In 1974, Beverly Johnson did what the modeling industry legend Eileen Ford had considered impossible: She appeared on the cover of Vogue. It was a milestone, but hardly a breakthrough for Black models—including Johnson herself. Cosmetic companies still turned her down, describing their brands as aesthetically white and blonde. Liquor and cigarette ads, often marketed in predominantly Black neighborhoods like Harlem, were still the only real moneymakers. And with no Black hair or makeup artists on set, Johnson had to turn to DIY solutions like using Vaseline to slick back her hair.
“That Vogue cover made me a legend. At the same time, I knew I was token,” the 67-year-old told People on Monday. “What you have to realize is that I was the only Black girl on every shoot.” Including a particularly memorable one that decade, which took place at a five-star hotel.
“I got into the pool. And all of a sudden, the editor came out and made everybody get out,” Johnson recalled. “They drained the pool. Twenty years later, one of the models told me it was because of me.” (Swimming pools have a long history of racism in America, from segregation to requirements for Black residents to present “health certificates,” proving they were disease-free.) For two decades, Johnson “blocked it out”: “In order to survive, I would make myself not react. Like Teflon.”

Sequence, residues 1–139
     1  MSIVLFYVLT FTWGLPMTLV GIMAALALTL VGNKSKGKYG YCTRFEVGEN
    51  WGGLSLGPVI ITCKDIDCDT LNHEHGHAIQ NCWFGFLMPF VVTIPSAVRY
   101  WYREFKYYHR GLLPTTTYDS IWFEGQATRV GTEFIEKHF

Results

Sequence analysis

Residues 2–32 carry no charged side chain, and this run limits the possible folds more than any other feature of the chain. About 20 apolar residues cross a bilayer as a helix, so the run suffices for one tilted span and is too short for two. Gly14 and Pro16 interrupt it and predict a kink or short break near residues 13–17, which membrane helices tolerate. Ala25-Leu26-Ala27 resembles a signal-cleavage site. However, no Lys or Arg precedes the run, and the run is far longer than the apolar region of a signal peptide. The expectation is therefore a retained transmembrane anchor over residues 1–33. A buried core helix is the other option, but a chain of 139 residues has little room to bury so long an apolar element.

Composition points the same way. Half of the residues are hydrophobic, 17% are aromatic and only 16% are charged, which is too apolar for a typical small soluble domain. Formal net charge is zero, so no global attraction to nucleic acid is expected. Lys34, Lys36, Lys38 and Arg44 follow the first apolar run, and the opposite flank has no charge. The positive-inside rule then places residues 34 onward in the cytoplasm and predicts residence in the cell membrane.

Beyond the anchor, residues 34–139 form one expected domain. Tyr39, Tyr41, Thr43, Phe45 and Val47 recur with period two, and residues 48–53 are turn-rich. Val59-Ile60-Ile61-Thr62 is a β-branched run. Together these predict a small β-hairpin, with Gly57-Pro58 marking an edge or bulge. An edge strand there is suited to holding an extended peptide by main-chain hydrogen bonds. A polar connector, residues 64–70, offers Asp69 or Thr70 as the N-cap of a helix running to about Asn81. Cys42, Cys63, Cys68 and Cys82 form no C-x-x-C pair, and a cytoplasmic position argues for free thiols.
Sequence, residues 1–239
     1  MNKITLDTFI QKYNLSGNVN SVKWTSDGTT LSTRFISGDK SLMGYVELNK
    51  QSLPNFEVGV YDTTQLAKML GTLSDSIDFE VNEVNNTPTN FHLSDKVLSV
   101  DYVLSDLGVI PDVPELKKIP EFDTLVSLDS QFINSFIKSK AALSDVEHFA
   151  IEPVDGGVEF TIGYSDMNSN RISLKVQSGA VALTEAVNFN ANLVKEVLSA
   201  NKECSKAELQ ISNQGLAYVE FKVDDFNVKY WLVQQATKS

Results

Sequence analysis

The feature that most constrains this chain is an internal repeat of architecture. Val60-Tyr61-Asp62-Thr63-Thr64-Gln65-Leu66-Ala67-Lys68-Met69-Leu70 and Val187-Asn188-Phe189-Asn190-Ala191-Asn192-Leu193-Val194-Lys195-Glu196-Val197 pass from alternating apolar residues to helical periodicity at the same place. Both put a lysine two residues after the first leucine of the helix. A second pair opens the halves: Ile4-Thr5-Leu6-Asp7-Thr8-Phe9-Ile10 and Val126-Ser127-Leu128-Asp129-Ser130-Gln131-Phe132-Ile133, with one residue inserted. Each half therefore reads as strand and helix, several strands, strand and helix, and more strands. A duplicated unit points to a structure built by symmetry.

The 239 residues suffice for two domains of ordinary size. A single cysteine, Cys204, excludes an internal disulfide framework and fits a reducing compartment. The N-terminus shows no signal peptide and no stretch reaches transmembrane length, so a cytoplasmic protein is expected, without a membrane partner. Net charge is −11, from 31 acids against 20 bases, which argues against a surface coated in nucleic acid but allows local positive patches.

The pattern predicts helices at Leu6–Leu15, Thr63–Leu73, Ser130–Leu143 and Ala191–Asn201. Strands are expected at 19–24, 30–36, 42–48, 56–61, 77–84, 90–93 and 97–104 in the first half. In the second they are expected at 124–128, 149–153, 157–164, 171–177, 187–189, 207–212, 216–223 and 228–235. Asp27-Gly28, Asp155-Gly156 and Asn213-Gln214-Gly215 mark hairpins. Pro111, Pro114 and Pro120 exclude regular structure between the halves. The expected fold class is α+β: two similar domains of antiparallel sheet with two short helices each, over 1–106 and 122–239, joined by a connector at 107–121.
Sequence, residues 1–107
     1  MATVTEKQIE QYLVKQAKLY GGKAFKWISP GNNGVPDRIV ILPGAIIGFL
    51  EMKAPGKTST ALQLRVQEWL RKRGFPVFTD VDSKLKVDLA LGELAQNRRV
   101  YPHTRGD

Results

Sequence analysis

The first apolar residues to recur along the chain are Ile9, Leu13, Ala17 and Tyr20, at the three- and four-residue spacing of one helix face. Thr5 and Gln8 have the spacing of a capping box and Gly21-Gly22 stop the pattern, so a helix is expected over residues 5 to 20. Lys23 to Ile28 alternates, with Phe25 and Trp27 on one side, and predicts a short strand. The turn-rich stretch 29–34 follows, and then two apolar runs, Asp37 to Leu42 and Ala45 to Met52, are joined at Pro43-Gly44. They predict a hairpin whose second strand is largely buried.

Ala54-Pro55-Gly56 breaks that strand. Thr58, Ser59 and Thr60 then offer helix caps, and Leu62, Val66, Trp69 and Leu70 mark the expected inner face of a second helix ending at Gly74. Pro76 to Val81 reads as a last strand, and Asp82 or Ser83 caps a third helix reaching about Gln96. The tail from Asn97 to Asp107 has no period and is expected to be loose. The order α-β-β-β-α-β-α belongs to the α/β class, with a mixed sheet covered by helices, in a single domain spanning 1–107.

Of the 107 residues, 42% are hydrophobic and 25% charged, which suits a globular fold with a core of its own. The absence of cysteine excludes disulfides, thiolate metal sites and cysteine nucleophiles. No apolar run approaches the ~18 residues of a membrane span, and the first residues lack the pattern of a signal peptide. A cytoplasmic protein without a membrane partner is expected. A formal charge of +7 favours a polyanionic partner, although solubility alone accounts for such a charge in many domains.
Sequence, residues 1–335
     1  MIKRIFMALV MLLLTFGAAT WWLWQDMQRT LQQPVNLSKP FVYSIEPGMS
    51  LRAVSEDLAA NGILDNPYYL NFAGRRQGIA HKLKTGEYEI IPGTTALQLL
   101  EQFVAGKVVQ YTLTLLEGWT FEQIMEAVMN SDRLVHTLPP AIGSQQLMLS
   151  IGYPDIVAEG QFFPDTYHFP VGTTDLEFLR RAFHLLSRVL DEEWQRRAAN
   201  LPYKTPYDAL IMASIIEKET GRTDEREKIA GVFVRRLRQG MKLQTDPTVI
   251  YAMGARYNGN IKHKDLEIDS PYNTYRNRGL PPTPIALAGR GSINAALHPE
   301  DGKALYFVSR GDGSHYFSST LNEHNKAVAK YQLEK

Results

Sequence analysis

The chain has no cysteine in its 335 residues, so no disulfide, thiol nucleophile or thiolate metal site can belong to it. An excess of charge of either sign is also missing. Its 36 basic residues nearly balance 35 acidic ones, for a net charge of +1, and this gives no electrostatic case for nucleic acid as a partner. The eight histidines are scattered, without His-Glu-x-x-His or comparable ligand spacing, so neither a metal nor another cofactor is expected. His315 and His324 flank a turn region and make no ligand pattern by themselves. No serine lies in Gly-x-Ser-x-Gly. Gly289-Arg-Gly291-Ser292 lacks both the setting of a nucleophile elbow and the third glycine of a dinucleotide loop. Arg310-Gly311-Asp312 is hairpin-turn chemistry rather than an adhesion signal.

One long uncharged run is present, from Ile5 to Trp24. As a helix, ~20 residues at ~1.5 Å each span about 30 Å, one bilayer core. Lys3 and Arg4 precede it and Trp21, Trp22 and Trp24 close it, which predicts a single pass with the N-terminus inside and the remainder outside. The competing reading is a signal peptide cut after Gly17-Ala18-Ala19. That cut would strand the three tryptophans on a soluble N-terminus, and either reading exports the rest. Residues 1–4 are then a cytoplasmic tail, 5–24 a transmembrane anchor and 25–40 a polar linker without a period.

Johnson did not specify whether the incident took place before or after her Vogue cover, but ’74 hardly marked the end of her encounters with racism in the industry. (And making history for the magazine reportedly didn’t stop it from refusing her an invite to its 100th anniversary party.) She went on to shoot hundreds more magazine covers, though with “significantly lower” compensation than her white counterparts. “I was reprimanded for requesting black photographers, makeup artists and hairstylists for photo shoots,” Johnson wrote in a recent op-ed for the Washington Post. “Silence on race was then—and still is—the cost of admission to the fashion industry’s top echelons.”
“We’re in a business that is supposed to be beautiful, but underneath there is an ugly systematic racism where the industry takes Black culture and trends for their own, pirating our culture, without giving anything back,” Johnson told People. Still, she remains hopeful. “Disruption is uncomfortable, but it means there's an opening. A crack in the door,” she continued. “The #MeToo movement was Herculean—if we could only do that with race. Because that needle, it really moved.”